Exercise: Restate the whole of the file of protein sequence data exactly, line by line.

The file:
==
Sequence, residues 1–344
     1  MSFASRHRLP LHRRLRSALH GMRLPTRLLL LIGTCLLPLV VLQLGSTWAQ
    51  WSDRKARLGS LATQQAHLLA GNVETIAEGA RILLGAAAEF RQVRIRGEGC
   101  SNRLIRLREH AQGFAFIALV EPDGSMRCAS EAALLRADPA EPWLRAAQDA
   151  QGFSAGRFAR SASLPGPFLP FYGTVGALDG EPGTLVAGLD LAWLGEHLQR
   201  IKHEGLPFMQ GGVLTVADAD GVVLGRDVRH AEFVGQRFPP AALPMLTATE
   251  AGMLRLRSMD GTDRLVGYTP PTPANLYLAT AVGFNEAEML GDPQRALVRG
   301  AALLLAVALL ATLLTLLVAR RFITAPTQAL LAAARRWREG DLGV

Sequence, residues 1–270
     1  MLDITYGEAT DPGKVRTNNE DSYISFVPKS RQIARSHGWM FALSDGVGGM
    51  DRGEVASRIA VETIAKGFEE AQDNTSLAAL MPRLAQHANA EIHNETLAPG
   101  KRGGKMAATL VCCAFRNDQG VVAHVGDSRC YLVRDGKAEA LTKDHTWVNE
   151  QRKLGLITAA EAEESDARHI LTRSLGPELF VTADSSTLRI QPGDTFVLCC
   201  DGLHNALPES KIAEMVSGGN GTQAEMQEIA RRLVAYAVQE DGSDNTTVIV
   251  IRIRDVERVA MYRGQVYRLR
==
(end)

Sequence, residues 1–344
     1  MSFASRHRLP LHRRLRSALH GMRLPTRLLL LIGTCLLPLV VLQLGSTWAQ
    51  WSDRKARLGS LATQQAHLLA GNVETIAEGA RILLGAAAEF RQVRIRGEGC
   101  SNRLIRLREH AQGFAFIALV EPDGSMRCAS EAALLRADPA EPWLRAAQDA
   151  QGFSAGRFAR SASLPGPFLP FYGTVGALDG EPGTLVAGLD LAWLGEHLQR
   201  IKHEGLPFMQ GGVLTVADAD GVVLGRDVRH AEFVGQRFPP AALPMLTATE
   251  AGMLRLRSMD GTDRLVGYTP PTPANLYLAT AVGFNEAEML GDPQRALVRG
   301  AALLLAVALL ATLLTLLVAR RFITAPTQAL LAAARRWREG DLGV

Sequence, residues 1–270
     1  MLDITYGEAT DPGKVRTNNE DSYISFVPKS RQIARSHGWM FALSDGVGGM
    51  DRGEVASRIA VETIAKGFEE AQDNTSLAAL MPRLAQHANA EIHNETLAPG
   101  KRGGKMAATL VCCAFRNDQG VVAHVGDSRC YLVRDGKAEA LTKDHTWVNE
   151  QRKLGLITAA EAEESDARHI LTRSLGPELF VTADSSTLRI QPGDTFVLCC
   201  DGLHNALPES KIAEMVSGGN GTQAEMQEIA RRLVAYAVQE DGSDNTTVIV
   251  IRIRDVERVA MYRGQVYRLR